It’s been a while since we last hosted a virtual wine tasting here at Steve’s, so it’s about time to get another one on the calendar.
I’m excited to have one my favorite wineries from Washington for this next tasting event. Joining us will be Winemaker, Andrew Januik. We have been enjoying the Januik wines for many years, well before they were even distributed in retail or restaurants here in the Texas region. We first tasted the Januik wines while visiting friends in Houston and they raved about the wine. After drinking through a few bottles, when we arrived back home, we called up the winery and joined their wine club.
Andrew, the son of Mike Januik who started the winery, will be our featured speaker for this tasting event.
Mike and Carolyn Januik established Januik Winery in 1999. It was the realization of a dream that took hold in 1980 when the couple sold their Ashland, Oregon wine shop for Mike to study winemaking at UC Davis.
After graduation, the Januiks moved to Washington to be closer to family. California friends thought it was a risky move. Washington wines were largely unknown. But over the ensuing decades, Mike proved them wrong. He crushed his first grapes in Washington in 1984 and quickly developed a reputation for quality winemaking just as the state’s reputation for world-class wines began to take hold.
The Novelty Hill and Januik partnership began in 2000, shortly after Mike began consulting on the planting of the Alberg family’s Stillwater Creek Vineyard on the Royal Slope of the Frenchman Hills in Washington State’s Columbia Valley. Though an uncharted growing region at the time, Mike liked what the site offered and was intrigued by the Albergs’ interest in planting a diverse selection of clones. He encouraged the family to consider making wine from the site; they agreed, provided Mike serve as winemaker. Novelty Hill was born.
From the start, it has been a family-run operation. In the fall of 2009, Andrew Januik joined his dad in the cellar full-time. Today, he collaborates with Mike and winemaker Scott Moeller on all aspects of production in addition to crafting his own label, Andrew Januik Wines, launched in 2011.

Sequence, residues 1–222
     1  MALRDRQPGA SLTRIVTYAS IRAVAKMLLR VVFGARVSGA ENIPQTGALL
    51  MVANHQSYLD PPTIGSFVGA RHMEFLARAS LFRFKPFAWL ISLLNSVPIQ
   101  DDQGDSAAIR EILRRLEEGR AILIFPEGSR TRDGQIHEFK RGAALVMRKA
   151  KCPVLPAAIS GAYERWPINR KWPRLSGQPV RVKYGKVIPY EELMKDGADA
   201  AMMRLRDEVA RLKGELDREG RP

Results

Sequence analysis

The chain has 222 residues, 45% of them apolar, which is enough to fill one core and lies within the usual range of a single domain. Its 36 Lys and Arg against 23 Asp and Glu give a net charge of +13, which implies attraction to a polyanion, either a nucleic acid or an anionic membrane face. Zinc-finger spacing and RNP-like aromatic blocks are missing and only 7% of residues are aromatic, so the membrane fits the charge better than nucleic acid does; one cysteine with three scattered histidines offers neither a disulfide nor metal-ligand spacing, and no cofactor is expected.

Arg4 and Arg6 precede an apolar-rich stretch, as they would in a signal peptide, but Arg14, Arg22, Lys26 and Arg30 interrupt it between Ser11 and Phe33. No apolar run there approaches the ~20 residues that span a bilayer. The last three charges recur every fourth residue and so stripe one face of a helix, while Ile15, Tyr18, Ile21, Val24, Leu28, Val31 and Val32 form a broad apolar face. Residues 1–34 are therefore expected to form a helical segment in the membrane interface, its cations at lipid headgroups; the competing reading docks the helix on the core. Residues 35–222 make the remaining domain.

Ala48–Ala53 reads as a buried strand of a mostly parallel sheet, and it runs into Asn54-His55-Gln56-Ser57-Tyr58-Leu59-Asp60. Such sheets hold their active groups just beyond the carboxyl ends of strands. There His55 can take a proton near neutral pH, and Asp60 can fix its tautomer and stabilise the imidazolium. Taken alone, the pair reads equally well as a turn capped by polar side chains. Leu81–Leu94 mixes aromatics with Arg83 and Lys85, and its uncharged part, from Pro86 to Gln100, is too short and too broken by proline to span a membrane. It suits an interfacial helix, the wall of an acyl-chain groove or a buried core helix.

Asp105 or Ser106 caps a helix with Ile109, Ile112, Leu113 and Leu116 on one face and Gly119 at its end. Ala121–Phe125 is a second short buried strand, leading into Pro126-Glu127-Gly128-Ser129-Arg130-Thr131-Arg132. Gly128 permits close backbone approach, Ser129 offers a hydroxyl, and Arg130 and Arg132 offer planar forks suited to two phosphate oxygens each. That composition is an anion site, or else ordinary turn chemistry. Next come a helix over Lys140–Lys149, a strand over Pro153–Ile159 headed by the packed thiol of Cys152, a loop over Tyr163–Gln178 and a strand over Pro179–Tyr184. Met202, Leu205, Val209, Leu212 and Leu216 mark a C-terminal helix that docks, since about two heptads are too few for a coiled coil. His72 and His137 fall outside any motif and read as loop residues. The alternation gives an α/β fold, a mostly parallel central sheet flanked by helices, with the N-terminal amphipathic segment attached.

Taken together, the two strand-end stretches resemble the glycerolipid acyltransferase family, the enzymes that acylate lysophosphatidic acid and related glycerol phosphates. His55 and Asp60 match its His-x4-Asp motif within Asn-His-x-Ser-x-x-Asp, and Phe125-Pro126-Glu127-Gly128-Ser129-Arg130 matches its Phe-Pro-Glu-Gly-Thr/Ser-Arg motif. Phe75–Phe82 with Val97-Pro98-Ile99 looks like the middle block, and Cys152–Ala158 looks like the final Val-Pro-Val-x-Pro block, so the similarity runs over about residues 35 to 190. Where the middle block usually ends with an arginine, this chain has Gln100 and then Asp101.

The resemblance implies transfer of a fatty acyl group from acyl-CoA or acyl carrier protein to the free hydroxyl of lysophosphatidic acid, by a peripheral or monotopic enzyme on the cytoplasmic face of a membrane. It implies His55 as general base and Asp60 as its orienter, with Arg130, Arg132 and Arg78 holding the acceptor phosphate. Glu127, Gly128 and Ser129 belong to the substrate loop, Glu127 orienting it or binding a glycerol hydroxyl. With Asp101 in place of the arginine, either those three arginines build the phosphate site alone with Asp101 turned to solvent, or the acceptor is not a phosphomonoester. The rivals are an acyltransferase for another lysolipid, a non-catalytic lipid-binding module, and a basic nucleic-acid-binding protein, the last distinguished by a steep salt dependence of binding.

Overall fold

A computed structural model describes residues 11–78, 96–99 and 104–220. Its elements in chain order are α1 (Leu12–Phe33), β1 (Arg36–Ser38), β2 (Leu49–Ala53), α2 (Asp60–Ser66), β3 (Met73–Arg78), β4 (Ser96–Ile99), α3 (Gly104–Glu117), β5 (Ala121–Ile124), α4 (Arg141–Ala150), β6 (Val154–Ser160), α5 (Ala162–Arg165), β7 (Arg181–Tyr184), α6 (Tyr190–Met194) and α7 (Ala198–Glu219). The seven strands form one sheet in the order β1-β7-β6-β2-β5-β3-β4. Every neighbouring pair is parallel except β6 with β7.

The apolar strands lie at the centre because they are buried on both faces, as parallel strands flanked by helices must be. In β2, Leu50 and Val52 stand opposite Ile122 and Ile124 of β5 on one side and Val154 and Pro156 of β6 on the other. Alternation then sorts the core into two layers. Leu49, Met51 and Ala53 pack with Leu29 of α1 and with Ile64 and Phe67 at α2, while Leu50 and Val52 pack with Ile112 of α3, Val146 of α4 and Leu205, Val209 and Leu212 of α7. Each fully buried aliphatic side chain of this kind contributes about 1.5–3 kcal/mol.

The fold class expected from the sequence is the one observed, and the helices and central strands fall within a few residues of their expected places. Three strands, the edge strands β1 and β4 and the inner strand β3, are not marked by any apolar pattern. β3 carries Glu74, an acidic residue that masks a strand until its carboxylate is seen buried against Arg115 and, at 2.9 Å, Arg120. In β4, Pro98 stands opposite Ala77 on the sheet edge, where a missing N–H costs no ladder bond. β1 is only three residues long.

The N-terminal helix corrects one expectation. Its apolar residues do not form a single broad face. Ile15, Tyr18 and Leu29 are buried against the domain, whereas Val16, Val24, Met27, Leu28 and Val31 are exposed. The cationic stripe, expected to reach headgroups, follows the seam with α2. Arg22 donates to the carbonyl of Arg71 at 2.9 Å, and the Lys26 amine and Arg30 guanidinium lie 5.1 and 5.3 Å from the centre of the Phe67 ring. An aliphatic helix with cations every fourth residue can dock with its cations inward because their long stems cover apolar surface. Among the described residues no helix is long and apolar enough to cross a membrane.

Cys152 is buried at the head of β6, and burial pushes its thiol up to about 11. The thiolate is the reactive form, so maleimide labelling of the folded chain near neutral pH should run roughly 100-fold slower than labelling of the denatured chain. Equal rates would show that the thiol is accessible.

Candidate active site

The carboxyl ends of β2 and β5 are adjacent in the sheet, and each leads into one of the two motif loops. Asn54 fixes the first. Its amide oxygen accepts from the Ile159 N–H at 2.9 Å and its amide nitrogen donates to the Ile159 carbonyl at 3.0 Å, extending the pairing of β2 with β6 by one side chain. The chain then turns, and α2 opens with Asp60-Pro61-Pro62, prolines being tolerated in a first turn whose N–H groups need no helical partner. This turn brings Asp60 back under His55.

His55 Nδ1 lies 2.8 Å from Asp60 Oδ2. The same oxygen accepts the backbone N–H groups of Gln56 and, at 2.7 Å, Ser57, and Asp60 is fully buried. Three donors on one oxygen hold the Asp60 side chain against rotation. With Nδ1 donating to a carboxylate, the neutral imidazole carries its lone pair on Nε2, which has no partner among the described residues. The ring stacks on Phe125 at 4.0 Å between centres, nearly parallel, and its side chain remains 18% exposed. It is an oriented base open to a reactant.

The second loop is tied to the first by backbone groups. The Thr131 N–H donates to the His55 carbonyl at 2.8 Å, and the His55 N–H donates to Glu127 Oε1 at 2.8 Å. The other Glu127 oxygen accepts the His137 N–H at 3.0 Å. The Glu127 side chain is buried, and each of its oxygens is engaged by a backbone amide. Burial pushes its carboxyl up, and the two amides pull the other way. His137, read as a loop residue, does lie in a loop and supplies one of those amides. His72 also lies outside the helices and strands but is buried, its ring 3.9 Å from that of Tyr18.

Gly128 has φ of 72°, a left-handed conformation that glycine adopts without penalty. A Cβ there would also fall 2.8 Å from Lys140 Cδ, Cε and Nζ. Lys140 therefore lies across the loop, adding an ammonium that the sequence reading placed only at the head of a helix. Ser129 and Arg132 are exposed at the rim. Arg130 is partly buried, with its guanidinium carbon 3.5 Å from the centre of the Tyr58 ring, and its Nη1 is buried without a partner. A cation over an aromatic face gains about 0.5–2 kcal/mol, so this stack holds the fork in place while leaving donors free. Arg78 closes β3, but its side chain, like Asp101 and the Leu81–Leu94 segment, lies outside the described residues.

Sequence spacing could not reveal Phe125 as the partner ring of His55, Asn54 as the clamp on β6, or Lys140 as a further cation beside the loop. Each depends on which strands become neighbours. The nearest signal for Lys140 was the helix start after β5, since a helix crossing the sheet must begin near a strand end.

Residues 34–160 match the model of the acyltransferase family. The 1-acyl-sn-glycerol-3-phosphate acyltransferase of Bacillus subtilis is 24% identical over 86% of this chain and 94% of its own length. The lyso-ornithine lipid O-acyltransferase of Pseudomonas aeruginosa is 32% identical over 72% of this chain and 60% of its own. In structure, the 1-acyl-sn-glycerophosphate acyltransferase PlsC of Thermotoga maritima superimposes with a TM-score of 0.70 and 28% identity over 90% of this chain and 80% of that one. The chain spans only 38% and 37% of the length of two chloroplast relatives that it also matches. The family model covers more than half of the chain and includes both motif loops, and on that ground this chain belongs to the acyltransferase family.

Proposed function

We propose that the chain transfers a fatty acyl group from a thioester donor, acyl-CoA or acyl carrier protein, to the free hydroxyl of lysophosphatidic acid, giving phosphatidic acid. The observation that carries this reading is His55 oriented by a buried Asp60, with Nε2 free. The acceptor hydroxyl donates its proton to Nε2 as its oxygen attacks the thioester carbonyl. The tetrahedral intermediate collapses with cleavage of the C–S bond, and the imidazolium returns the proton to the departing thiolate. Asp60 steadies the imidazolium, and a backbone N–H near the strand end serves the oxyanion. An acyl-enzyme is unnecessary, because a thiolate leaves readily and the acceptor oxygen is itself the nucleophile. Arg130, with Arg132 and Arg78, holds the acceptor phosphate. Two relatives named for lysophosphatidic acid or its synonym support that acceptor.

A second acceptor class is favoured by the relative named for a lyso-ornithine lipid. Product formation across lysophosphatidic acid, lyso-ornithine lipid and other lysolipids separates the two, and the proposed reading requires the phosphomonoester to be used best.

2017 Bacchus Vineyard Riesling - at Januik Winery, they believe single vineyard wines should only be made when a particular site yields an exceptional wine that reflects the unique character of the vineyard. Bacchus Vineyard is located outside Pasco on a southwest facing slope which overlooks the Columbia River. Planted at Bacchus Vineyard are two of Germany’s best Riesling clones, Geisenheim 198 and Neustadt 90, from which our Riesling is made.
Bright and refreshing, the Bacchus Vineyard Riesling is brimming with apricot, peach and grapefruit flavors and aromas. Punctuated with mineral notes, the finish is crisp, balanced and lingering.
2017 Novelty Hill Chardonnay – Stillwater Creek Vineyard (Ten Vintage have been rated 90+)
91 pts. Wine Enthusiast, Editor’s Choice - “Beautifully balanced flavors.”
Round and generous, this barrel-fermented Chardonnay offers fresh pear and crisp apple aromas and flavors that echo across the palate and wrap around a rich, creamy finish. Sur lie aged for added mouthfeel and richness.
Novelty Hill’s Stillwater Creek estate vineyard is located on the Royal Slope of the Frenchman Hills in Washington State’s Columbia Valley. The fractured basalt found throughout the site imparts an appealing mineral character to Chardonnay planted here. Innovative clonal selection distinguishes the vineyard as well, including Entav clone 95, a relative newcomer to the Columbia Valley.
2017 Novelty Hill Royal Slope Red Blend
A delicious Merlot-based blend from top Columbia Valley vineyards
From Novelty Hill's Stillwater Creek estate vineyard and other top Columbia Valley sites comes this delicious, medium-bodied red. It is an aromatic wine with mouth-watering layers of wild berries, sweet cherry and black currant. Balanced and lively across the mid-palate, with a fresh, fruit-forward finish that lasts.
Blend: 46% Merlot, 41% Cabernet Sauvignon, 8% Petit Verdot, 5% Cabernet Franc
2017 Novelty Hill Syrah Columbia Valley - 91 pts. Jeb Dunnuck - "This is classic Syrah all the way."
A classic Washington State Syrah with aromas of coffee bean, smoked meat and dark fruit gaining focus on the palate. Wild blackberry, dark plum and savory notes of olive and black pepper are woven throughout, with refined tannins adding dimension across a long, flavorful finish.
Planted in 2000 on a steep, south-facing slope with one of the most elite grape clone selections in Washington State, Stillwater Creek quickly earned a reputation as one of the Columbia Valley’s top vineyards. Clones 1, 99, 174 and Joseph Phelps are grown here, making Stillwater Creek home to one of the most diverse Syrah clone selections in Washington.
2016 Januik Merlot Klipsun Vineyard - 90+ pts. 12 years running